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Profile: People for the American Way (PFAW)
People for the American Way (PFAW) was a participant or observer in the following events:
Pat Robertson and Jerry Falwell on the 700 Club. [Source: Tampa Bay Coalition]During a guest appearance on Pat Robertson’s 700 Club, televangelist Jerry Falwell tells listeners who he believes is responsible for the 9/11 attacks: homosexuals, abortionists, and the American Civil Liberties Union.
Falwell: “I fear, as Donald Rumsfeld, the secretary of defense said yesterday, that this is only the beginning. And with biological warfare available to these monsters; the Husseins, the bin Ladens, the Arafats, what we saw on Tuesday, as terrible as it is, could be miniscule if, in fact, if in fact God continues to lift the curtain and allow the enemies of America to give us probably what we deserve.”
Robertson: “Jerry, that’s my feeling. I think we’ve just seen the antechamber to terror. We haven’t even begun to see what they can do to the major population.”
Falwell: “The ACLU’s got to take a lot of blame for this.”
Robertson: “Well, yes.”
Falwell: “And, I know that I’ll hear from them for this. But, throwing God out successfully with the help of the federal court system, throwing God out of the public square, out of the schools. The abortionists have got to bear some burden for this because God will not be mocked. And when we destroy 40 million little innocent babies, we make God mad. I really believe that the pagans, and the abortionists, and the feminists, and the gays and the lesbians who are actively trying to make that an alternative lifestyle, the ACLU, People For the American Way, all of them who have tried to secularize America. I point the finger in their face and say ‘you helped this happen.’”
Robertson: “Well, I totally concur, and the problem is we have adopted that agenda at the highest levels of our government. And so we’re responsible as a free society for what the top people do. And, the top people, of course, is the court system.”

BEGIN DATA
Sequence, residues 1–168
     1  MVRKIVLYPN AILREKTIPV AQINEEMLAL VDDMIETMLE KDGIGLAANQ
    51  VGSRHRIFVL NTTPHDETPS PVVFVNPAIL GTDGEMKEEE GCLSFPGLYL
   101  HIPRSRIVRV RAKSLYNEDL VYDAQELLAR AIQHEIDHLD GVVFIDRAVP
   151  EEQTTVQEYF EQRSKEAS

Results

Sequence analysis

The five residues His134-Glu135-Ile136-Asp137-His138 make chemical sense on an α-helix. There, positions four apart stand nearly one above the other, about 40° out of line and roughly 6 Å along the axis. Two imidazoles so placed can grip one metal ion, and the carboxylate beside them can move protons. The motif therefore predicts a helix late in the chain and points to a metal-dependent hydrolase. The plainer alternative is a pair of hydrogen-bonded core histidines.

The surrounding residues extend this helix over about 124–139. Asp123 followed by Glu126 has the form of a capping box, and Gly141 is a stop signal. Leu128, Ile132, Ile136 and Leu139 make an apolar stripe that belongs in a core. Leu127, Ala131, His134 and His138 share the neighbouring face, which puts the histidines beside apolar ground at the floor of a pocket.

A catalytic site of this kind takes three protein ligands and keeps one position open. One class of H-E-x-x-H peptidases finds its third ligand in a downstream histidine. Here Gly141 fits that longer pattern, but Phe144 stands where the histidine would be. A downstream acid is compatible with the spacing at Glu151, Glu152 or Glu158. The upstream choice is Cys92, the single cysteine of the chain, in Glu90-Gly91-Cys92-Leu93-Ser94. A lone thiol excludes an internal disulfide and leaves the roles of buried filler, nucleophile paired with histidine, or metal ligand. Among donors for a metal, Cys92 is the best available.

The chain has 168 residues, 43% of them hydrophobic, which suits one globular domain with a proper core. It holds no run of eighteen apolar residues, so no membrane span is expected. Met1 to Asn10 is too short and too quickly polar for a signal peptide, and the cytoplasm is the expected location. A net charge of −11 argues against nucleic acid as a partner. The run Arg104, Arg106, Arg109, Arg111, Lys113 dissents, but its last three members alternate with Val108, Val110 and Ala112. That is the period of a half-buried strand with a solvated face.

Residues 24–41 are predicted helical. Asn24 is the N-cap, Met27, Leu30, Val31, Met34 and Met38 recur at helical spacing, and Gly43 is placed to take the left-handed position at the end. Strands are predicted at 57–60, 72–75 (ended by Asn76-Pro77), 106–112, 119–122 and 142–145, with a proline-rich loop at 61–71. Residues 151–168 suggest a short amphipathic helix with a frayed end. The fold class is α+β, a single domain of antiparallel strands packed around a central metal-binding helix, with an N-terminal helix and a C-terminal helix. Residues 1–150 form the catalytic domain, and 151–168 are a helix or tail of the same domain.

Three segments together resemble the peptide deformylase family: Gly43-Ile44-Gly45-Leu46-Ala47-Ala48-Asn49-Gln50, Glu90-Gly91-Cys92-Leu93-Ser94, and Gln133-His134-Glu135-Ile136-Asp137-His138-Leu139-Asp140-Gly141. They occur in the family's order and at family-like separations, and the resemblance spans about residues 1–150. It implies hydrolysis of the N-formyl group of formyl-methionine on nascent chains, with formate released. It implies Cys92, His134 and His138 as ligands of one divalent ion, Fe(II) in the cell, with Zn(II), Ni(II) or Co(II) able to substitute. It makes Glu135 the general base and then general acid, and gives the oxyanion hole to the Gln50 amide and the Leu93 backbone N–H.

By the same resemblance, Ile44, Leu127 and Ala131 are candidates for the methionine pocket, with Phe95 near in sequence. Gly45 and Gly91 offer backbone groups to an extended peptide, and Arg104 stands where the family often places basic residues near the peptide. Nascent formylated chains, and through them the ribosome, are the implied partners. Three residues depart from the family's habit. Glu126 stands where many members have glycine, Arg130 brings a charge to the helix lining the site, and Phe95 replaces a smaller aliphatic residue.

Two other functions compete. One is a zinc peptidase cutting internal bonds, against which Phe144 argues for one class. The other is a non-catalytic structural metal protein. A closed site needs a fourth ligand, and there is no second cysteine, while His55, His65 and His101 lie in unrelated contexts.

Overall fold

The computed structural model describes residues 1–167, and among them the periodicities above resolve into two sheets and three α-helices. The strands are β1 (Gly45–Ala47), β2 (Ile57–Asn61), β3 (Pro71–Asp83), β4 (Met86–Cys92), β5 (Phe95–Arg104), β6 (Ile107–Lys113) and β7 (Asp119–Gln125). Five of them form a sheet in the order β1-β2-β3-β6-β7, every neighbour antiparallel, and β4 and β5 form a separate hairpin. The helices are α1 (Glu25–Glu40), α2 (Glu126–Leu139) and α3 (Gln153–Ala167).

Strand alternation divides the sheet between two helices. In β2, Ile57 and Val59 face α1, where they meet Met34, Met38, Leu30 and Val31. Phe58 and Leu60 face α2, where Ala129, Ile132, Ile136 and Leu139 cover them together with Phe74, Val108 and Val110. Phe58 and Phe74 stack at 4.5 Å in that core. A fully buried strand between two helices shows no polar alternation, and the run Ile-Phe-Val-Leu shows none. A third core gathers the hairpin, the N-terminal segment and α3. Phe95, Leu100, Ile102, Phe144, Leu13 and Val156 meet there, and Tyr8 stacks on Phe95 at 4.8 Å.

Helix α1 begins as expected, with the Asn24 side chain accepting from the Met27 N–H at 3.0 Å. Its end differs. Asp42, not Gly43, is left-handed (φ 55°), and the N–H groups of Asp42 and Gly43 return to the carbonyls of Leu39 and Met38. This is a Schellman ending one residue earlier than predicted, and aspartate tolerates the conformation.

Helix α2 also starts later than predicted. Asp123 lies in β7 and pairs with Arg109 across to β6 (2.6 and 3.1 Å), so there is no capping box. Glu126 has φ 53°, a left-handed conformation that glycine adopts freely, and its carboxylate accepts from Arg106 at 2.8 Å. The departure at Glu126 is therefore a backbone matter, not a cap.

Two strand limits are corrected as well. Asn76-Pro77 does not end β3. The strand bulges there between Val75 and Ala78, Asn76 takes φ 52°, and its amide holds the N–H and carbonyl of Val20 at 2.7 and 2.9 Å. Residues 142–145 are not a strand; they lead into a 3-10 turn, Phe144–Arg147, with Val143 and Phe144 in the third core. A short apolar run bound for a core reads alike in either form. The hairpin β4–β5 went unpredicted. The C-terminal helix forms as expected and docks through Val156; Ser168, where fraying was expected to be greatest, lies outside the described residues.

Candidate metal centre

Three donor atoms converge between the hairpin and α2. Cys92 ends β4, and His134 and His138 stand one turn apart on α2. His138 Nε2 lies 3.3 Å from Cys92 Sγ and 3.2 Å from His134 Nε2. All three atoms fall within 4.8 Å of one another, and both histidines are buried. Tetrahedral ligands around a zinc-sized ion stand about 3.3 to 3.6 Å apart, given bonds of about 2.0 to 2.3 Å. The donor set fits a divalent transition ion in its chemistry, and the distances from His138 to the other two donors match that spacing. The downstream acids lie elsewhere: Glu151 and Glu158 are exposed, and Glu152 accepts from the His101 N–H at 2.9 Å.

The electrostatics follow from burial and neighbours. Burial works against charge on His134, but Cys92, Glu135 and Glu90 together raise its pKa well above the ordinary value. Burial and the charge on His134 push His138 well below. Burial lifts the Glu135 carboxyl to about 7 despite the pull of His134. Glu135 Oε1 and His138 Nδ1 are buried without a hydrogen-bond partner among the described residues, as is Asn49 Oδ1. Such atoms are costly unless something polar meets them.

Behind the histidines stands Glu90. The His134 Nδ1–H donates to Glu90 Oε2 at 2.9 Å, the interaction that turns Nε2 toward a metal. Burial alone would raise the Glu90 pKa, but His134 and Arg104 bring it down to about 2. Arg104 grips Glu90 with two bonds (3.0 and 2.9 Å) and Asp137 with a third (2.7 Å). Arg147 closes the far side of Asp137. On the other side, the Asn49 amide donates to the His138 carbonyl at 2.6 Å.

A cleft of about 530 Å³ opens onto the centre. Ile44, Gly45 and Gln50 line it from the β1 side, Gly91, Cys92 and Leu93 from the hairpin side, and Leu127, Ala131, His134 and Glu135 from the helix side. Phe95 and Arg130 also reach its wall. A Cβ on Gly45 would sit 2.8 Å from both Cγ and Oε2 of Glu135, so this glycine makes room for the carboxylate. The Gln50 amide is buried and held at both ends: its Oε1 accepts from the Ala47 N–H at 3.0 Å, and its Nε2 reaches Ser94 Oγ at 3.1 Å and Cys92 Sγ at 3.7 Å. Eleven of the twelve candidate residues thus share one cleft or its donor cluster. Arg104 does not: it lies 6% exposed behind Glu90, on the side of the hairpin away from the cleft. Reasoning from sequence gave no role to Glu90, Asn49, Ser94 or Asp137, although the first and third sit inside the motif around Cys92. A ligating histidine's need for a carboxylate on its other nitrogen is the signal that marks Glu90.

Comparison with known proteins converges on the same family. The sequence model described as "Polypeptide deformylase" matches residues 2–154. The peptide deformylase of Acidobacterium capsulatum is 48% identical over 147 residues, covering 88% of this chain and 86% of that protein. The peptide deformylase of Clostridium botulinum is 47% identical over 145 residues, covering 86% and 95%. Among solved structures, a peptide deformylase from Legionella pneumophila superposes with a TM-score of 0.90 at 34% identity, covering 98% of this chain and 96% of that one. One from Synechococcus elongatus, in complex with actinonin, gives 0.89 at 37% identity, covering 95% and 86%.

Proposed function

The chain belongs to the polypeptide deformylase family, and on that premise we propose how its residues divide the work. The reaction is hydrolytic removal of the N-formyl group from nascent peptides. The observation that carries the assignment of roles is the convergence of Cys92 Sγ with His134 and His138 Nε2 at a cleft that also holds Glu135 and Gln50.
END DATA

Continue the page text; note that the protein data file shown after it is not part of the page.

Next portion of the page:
Falwell: “Amen. Pat, did you notice yesterday? The ACLU, and all the Christ-haters, the People For the American Way, NOW [the National Organization for Women], etc. were totally disregarded by the Democrats and the Republicans in both houses of Congress as they went out on the steps and called out on to God in prayer and sang ‘God Bless America’ and said ‘let the ACLU be hanged.’” [Washington Post, 9/14/2001; People for the American Way, 9/17/2001; Unger, 2007, pp. 217-218]
In a prayer during the broadcast, Robertson intones: “We have sinned against Almighty God, at the highest level of our government, we’ve stuck our finger in your eye. The Supreme Court has insulted you over and over again, Lord. They’ve taken your Bible away from the schools. They’ve forbidden little children to pray. They’ve taken the knowledge of God as best they can, and organizations have come into court to take the knowledge of God out of the public square of America.” [CNN, 9/14/2001; People for the American Way, 9/17/2001] The next day, after a firestorm of critical response (see September 13-14, 2001), Falwell will retreat somewhat from his remarks (see September 14, 2001), and again three days later (see September 17, 2001). But three years later, he will misrepresent his remarks and once again attack homosexuals (see November 28, 2004).
The response to televangelists Jerry Falwell and Pat Robertson’s blaming 9/11 on homosexuals, pro-choice believers, and civil liberties groups (see September 13, 2001) is quick and fierce. Even the White House refuses to join Falwell and Robertson in their comments, with a White House spokesman calling the statements “inappropriate” and saying, “The president does not share those views.” Ralph G. Neas, the head of People for the American Way, calls the remarks “absolutely inappropriate and irresponsible.” An American Civil Liberties Union spokeswoman says the organization “will not dignify the Falwell-Robertson remarks with a comment.” [Washington Post, 9/14/2001] Lorri L. Jean, the executive director of the National Gay and Lesbian Task Force, demands an apology from Falwell. “The terrible tragedy that has befallen our nation, and indeed the entire global community, is the sad byproduct of fanaticism,” she says. “It has its roots in the same fanaticism that enables people like Jerry Falwell to preach hate against those who do not think, live, or love in the exact same way he does. The tragedies that have occurred this week did not occur because someone made God mad, as Mr. Falwell asserts. They occurred because of hate, pure and simple. It is time to move beyond a place of hate and to a place of healing. We hope that Mr. Falwell will apologize to the US and world communities.” [CNN, 9/14/2001]
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